I have a lot in common with my colleagues. We don't just share an employer, we share a particular mindset: that every person around the world deserves access to the best health care possible. Each of us remains passionate about this cause - and it's the very reason I refer to them as our "advocates".
Many organizations don't utilize their biggest advocacy asset: their employees. With our lives being so intertwined with digital media, it's imperative to see employees as people who can help maintain and nurture our advocacy campaigns. The key, though, is guidance. In fact, a Weber Shandwick study found that 50% of U.S. employees (about 60 million) are blogging, posting, tweeting, and commenting about their employers - let's have it be on message and brand!
Wondering how you can get started at your own organization? Follow the steps below:
- Be in it for the long-haul. Unfortunately, employee advocacy isn't just a one-time event that highlights a particular Hill Day or campaign push. A successful program is just that - a program. You need to play the long-term game here. Employee advocacy is rooted in authenticity and trust. These take time to develop.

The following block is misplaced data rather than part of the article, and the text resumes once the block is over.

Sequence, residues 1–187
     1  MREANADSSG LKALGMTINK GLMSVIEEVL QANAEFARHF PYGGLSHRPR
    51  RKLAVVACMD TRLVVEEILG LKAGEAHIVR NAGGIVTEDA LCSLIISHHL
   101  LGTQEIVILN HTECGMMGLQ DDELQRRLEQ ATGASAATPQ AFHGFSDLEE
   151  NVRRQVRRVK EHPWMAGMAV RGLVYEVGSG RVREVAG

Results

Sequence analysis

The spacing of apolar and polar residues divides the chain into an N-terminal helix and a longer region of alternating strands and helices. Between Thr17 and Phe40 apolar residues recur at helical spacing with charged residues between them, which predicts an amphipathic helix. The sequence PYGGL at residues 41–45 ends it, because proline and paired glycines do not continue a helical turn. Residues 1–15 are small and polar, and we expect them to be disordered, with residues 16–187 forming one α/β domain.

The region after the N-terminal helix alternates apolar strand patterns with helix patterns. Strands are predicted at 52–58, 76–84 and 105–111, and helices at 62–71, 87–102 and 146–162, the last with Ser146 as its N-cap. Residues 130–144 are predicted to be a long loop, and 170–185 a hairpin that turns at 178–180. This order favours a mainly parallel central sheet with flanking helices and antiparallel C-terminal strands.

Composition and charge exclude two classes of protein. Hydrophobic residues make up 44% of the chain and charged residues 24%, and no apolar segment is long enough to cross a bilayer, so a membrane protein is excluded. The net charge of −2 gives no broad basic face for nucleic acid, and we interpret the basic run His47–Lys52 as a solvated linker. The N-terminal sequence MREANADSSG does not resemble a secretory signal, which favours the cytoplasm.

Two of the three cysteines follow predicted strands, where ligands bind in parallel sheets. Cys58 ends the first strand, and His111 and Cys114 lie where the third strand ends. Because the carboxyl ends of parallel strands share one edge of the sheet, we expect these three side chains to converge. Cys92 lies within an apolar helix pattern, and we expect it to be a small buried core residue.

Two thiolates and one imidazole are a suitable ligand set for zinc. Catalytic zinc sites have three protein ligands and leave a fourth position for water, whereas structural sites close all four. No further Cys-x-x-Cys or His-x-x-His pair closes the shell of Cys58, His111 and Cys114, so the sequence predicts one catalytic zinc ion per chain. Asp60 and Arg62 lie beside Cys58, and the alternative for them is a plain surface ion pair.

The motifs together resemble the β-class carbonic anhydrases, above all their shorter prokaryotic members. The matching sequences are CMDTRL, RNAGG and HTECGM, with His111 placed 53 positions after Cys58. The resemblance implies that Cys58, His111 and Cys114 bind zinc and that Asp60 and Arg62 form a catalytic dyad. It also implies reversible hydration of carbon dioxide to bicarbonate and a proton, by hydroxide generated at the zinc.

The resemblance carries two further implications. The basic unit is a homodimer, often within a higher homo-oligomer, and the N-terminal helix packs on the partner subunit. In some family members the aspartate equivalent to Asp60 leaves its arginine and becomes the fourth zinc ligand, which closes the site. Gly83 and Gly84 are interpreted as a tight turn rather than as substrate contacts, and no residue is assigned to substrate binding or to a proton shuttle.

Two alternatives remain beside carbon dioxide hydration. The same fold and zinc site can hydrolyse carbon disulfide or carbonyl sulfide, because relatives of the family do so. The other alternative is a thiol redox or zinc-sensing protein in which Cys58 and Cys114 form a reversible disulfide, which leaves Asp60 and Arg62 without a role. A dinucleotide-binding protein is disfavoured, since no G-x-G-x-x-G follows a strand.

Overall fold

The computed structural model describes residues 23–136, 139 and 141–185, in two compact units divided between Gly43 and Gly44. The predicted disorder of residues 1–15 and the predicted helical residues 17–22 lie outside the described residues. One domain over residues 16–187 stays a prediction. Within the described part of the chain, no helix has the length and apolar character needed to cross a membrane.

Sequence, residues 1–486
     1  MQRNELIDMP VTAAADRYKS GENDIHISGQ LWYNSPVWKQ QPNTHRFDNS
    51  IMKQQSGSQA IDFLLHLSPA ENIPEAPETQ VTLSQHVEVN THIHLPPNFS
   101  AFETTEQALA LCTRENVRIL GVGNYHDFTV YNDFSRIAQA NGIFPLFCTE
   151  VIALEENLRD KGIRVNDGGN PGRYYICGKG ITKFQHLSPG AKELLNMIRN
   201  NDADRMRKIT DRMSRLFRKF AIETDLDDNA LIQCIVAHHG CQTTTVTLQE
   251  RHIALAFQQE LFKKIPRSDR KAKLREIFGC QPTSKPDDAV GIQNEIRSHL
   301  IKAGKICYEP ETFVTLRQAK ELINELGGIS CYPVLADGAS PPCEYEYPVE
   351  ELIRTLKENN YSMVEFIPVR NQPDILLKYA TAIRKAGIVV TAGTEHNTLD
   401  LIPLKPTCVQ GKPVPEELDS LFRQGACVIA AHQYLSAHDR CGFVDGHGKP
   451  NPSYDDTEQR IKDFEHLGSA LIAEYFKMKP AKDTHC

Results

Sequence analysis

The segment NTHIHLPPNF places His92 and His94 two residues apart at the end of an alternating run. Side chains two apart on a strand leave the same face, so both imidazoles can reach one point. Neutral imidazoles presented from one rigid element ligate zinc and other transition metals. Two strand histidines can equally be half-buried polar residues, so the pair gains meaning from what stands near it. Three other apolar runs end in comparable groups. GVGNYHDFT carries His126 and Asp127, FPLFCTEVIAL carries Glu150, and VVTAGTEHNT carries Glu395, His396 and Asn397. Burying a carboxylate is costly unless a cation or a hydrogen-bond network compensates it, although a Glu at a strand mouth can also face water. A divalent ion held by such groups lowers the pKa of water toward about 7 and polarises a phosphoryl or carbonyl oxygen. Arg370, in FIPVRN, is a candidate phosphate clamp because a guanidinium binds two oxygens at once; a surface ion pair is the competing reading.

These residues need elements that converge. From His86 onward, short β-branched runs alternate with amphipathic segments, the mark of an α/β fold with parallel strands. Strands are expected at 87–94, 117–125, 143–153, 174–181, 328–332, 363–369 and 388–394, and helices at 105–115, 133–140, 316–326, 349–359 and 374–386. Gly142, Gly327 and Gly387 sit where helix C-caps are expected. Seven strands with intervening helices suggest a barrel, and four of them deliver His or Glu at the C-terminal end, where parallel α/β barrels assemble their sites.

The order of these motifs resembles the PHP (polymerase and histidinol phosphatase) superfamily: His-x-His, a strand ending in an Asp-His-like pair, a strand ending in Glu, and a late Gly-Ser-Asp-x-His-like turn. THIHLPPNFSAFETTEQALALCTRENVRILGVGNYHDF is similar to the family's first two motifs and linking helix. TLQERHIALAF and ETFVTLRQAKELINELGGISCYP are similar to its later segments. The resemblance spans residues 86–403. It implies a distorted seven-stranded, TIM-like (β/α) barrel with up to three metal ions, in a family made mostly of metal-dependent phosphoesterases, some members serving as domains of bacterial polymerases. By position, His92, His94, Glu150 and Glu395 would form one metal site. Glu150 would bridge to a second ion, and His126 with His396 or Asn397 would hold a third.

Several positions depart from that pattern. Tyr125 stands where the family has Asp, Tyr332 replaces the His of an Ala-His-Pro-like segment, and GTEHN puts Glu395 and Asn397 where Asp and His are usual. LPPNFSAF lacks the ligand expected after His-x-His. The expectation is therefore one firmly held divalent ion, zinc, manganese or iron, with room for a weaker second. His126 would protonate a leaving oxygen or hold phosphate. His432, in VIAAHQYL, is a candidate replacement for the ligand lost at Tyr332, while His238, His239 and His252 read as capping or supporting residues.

- Make a positive culture your priority. For employees to become brand ambassadors, they need to love their jobs more than their paychecks. Connect employees from different departments through social events or a company social network, since we're dealing with digital advocacy!
- Draft a plan. While it may seem like this new program can run smoothly on its own, employee advocacy is like any other initiative - it needs a plan, a budget and a team.
- Create some guidelines. Before you encourage employees to post on social media, be confident that your message will be communicated properly. More importantly, make sure to provide employees with resources to properly respond to any questions or comments that arise about the organization online.
- Educate and train. In addition to a company-wide social media policy, your employee advocacy program will benefit from social media training. Encourage participation in your new initiative by sharing best practices across all departments. Remember: it's not about directing - it's about encouraging. Support your employees as they embrace their new role!
- Monitor and optimize. Make sure your advocacy message never gets lost. Employees can be your best ambassadors! Highlight their work as an example to follow. See what works for your group, listen to feedback, and adjust as needed in the future.
With the right team, training and policies in place, your organization will have a new group of advocates to activate! For more tips like these, visit the Digital Advocacy Institute.